5:45 p.m. There is already quite a crowd gathering for our event (hooray! and thank goodness!) so bookseller Margaret Aldrich and I move more chairs into the Used Book Cellar and haul more books up to the sales floor.
6:05 p.m. Jonathan begins his presentation to a crowd of approximately 40 very enthusiastic fans age 10-60? (A guess.) Nice to see so many adults falling under the spell of good so-called "young adult" fiction.
7:10 p.m. Jonathan ends his presentation and goes upstairs to sign books. I chat with LOTS of lovely, very appreciative people who gush to me about Jonathan and his books.
8:00 p.m. Event attendees leave. Margaret and I then gush to Jonathan about him and about his books. I gush to Jennifer Levine about how grateful we are to have had Jonathan visiting us for this really delightful day. Margaret and I pose with Jonathan for this photo, below.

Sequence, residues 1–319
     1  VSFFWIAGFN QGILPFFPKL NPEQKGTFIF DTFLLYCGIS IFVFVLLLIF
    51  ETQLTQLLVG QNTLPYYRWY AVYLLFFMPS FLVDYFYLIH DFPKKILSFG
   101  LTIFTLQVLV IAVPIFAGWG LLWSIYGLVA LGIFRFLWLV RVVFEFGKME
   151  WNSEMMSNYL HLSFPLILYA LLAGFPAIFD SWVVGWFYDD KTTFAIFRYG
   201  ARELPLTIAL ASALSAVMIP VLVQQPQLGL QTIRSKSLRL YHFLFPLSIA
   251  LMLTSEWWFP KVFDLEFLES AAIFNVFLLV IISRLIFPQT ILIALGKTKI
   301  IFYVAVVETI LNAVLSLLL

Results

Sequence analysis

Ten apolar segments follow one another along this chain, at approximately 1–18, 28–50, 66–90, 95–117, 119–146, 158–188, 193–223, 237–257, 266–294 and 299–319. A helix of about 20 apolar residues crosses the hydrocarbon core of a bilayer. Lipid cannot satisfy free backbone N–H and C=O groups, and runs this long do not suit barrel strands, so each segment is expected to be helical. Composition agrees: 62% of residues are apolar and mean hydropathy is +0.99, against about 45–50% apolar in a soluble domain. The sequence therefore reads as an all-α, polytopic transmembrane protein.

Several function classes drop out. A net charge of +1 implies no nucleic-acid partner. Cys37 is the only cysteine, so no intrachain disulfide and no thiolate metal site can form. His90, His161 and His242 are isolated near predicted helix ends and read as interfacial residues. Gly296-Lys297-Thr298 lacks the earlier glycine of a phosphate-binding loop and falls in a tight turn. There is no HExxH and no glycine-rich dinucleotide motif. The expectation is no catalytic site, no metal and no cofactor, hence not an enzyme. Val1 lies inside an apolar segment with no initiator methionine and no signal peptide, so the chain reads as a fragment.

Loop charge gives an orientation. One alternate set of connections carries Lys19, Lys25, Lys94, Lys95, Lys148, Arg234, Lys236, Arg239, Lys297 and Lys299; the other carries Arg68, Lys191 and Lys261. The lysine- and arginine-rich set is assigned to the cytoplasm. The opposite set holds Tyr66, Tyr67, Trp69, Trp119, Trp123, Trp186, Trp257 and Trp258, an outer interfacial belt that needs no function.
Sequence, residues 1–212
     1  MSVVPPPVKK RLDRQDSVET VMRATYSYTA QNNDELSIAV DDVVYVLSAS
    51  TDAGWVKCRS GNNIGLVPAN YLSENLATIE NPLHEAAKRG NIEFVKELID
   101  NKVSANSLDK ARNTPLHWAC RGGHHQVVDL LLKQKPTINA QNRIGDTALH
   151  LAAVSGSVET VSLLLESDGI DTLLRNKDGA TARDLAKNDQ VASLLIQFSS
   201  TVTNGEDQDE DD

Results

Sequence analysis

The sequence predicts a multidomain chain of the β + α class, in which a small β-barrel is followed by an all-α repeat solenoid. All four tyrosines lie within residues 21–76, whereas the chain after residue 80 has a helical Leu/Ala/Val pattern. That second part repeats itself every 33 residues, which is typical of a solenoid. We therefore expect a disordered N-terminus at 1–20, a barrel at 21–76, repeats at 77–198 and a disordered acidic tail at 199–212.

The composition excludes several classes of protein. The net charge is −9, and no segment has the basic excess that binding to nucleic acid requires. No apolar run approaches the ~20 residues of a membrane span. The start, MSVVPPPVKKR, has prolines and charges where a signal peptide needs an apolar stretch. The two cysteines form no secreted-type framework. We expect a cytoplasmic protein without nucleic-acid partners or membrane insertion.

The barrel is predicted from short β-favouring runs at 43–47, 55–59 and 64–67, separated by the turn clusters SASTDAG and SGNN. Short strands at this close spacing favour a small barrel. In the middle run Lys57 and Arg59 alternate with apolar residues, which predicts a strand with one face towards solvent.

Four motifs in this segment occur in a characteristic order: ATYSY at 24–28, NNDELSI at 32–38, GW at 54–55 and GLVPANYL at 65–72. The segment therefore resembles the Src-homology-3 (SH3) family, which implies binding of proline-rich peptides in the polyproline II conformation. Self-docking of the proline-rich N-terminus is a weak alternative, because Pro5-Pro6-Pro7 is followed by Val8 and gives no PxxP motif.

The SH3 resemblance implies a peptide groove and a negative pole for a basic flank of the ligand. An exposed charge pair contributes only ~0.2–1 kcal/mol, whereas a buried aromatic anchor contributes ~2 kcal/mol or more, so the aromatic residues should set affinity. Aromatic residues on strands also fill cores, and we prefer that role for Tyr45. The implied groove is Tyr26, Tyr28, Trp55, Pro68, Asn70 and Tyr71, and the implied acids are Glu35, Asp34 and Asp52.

8:15 p.m. We say good-bye to Jonathan and Jennifer, then move more books around and take down chairs in the Used Book Cellar.
8:45 p.m. I go back to my desk and read a few more e-mails. Discuss events with the lovely Lee Van Kirk.
9:15 p.m. I leave the bookstore, 12 hours after I started my work day.
9:50pm I arrive home.
10 p.m. I eat dinner (bless my fiancé for putting dinner on the table at such odd hours).
10:30 p.m. I rave to you about working in an industry with people as talented and kind and intelligent and good-hearted as the wonderful Jonathan Stroud. I tell you that a father drove all the way up from Sandwich, Mass. (about an hou